It used to be the case that when a mainstream Hindi movie was made, you needed to hang on to your kitchen sink for dear life because it was the only thing that wouldn't be sucked into the ensuing Technicolor fever dream. I say this as an ardent admirer and defender of all the idiosyncrasies that make Indian cinema so unique. I suppose it's all a matter of perspective. In college I used to enjoy putting on Hindi movies in the common room only to elicit stunned silence from onlookers. They would quietly watch as scenes of chaste romance were followed by acts of shocking violence which could only be broken up by elaborate synchronized dance numbers. Although they didn't know exactly what they were watching, they knew they couldn't stop watching. This is partly due to the foolproof recipe that Hindi movies used to follow. Viewed as pure escapist entertainment, they contained a little bit of something for everyone.
While the formula movies are still produced in staggering numbers every year, a certain undeniable shift in sensibilities has slowly taken place within Indian cinema. The thought-provoking subtlety of the art-house has entered the mainstream with high-profile directors employing prominent actors and actresses to tell more unconventional stories. Such is the case with My Name Is Khan as director Karan Johar brings together megastars Shahrukh Khan and Kajol to present the tale of an autistic Muslim man living through the aftermath of 9/11. While it attempts to tackle a few too many big issues for its own good, ultimately this is about a man rising above adversity and prejudice to secure what is most important to him: the love of his wife.
The film opens in 2007 with Rizwan Khan (Shahrukh Khan) attempting to board a plane to Washington D.C. When he is flagged and pulled out of line for an unpleasant physical check, he declares that he is on his way to meet the President of the United States so that he can tell him, "My name is Khan and I am not a terrorist." Having thrown us into a state of unease, the film then splinters as flashbacks fill us in on Khan's life up to that point while we continue to follow his quest to meet the President in the present day. We see his troubled childhood when it was apparent early on that he was different from the kids around him including his resentful younger brother. We watch his facility with mechanical devices grow while his human interactions suffer. We mourn the loss of his loving mother and sense the uncertainty of what is to follow.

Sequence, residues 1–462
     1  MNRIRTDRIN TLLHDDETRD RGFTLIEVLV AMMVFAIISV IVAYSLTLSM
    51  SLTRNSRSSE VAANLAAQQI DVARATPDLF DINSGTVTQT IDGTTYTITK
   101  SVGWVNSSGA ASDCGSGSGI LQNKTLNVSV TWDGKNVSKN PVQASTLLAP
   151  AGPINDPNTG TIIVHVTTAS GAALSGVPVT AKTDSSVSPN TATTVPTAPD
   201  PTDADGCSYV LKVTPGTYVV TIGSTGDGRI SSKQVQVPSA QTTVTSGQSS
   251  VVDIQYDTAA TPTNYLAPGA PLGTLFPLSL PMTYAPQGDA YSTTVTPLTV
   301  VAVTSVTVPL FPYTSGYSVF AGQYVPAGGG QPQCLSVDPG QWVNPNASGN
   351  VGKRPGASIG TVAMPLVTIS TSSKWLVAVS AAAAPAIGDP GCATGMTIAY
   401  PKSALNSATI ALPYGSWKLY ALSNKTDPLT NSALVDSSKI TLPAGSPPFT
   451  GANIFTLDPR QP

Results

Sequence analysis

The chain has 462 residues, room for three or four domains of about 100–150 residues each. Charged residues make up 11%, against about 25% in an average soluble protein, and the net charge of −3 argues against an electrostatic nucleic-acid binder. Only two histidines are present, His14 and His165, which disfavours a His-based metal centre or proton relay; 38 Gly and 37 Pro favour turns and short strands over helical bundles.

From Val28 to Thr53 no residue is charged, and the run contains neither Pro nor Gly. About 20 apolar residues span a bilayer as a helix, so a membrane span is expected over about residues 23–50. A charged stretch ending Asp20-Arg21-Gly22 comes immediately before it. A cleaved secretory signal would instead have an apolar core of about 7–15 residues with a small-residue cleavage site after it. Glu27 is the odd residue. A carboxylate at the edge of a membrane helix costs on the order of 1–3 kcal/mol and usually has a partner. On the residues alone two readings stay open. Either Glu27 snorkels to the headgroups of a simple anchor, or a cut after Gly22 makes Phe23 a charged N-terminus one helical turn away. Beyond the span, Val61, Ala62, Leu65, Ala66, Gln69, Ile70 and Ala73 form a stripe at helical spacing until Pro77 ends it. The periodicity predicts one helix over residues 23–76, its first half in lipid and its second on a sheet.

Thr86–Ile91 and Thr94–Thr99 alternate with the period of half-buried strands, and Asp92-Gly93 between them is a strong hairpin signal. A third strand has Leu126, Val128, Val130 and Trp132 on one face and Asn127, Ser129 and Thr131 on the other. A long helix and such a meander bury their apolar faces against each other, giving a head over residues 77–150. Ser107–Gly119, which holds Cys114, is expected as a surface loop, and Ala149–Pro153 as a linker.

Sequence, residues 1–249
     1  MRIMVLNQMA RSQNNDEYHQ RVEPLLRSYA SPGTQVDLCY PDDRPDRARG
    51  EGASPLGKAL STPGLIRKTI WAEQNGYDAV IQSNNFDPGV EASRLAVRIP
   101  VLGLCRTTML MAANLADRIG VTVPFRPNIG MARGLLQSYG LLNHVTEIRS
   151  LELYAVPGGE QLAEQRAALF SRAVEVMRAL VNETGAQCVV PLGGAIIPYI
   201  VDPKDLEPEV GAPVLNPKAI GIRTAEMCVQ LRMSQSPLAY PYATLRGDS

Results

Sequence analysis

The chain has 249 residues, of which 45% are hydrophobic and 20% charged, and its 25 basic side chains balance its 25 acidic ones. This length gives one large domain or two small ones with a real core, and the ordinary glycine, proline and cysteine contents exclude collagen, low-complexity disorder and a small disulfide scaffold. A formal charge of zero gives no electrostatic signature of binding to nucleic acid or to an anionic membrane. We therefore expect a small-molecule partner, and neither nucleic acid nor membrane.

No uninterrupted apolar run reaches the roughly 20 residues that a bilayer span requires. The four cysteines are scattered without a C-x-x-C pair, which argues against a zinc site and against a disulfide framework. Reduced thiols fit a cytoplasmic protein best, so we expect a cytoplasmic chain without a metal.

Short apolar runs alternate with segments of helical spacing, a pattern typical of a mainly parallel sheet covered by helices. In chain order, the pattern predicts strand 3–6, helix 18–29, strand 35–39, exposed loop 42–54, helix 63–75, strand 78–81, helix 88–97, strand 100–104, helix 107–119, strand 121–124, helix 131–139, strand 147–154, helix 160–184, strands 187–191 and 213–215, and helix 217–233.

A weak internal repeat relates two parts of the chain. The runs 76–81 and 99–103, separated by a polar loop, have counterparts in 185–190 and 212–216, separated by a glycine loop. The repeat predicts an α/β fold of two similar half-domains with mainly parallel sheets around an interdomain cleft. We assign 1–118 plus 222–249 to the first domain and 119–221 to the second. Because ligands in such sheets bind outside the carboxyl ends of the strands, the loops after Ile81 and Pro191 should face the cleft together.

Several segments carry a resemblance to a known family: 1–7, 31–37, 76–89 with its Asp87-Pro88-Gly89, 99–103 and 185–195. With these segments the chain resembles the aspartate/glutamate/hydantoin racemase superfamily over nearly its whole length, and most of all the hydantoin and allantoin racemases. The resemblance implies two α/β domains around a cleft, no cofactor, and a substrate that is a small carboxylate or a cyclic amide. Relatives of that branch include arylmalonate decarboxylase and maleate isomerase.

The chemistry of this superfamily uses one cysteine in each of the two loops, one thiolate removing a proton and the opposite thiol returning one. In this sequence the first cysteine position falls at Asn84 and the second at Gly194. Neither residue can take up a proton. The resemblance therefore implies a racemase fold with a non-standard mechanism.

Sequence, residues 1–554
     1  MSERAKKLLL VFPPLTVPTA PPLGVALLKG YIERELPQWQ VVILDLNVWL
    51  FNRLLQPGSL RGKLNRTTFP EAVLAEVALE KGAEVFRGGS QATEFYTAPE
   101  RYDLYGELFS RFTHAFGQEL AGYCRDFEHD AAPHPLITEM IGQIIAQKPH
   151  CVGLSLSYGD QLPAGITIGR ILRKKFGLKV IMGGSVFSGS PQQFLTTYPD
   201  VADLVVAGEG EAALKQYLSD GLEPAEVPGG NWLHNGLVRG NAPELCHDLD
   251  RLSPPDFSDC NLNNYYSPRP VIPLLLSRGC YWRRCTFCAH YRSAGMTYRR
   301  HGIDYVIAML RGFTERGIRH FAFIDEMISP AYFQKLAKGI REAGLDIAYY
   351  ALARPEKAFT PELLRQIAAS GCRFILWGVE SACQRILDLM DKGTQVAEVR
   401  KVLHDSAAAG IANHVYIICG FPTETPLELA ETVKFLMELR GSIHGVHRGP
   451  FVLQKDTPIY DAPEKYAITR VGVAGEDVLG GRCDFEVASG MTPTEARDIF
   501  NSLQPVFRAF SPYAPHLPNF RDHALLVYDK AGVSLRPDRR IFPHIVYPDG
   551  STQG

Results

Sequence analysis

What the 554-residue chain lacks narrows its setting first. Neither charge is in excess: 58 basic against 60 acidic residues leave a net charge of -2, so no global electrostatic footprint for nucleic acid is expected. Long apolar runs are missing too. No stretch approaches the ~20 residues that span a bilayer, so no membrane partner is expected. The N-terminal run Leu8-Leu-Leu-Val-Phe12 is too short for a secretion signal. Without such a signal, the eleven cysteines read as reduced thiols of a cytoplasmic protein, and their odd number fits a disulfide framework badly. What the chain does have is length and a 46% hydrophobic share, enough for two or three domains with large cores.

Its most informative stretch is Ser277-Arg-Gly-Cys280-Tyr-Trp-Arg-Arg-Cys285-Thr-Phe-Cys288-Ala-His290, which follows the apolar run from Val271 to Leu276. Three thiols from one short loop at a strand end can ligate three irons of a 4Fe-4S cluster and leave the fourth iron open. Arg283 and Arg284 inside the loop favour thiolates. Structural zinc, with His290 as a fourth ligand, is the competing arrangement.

In short order, Khan is brought over to San Francisco by his brother, Zakir (Jimmy Shergill) who has grown from an angry child into an impatient adult. Fortunately Zakir's wife, Hasina (Sonya Jehan) is supportive enough for both of them. She is also quick to diagnose Khan as having Asperger's syndrome which is a high-functioning form of autism. This explains his muted social interactions along with his stilted speech patterns that have him alternating between information filled monologues and moments when he simply repeats words with different inflections. Then there's the matter of his guileless charm that projects innocence which cannot be faked. That's what attracts Mandira (Kajol) to Khan. She's a hairdresser with a bubbly personality and a precocious son, Sameer (Yuvaan Makaar). After a short but sweet courtship, they find themselves married and ready to settle down. Unfortunately, they wake up on September 11th, 2001 to find that everything has changed. Khan faces the prejudice of people who can't separate his last name from his worth as a human being. Mandira and Sameer suffer simply by association. While I can't reveal what happens next, it is the catalyst that sets Khan off on his journey to meet the President.
Having said as much as I have, there is still a great deal of the plot that I have left out. Some of it was omitted so that you could enjoy it for yourself while the rest represents wishful thinking on my part. Karan Johar has crammed so many subplots into this film that parts of it resemble two movies that have been stitched together just because they feature the same actors. With Khan's back-story, Johar presents a compelling and mature romance which will be tested by forces that are out of anyone's control. Unfortunately, Khan's present day travels threaten to diminish the effect by overloading on extraneous characters and unnecessary tangents. While they are meant to build up the epic nature of Khan's life a la Forrest Gump, they ultimately bog him down. We already know that Khan is a good man. We don't need to see him save the locals of a flooded town. We understand that race is unimportant to him. We don't need to see him defuse a terrorist plot by some extremist Muslims.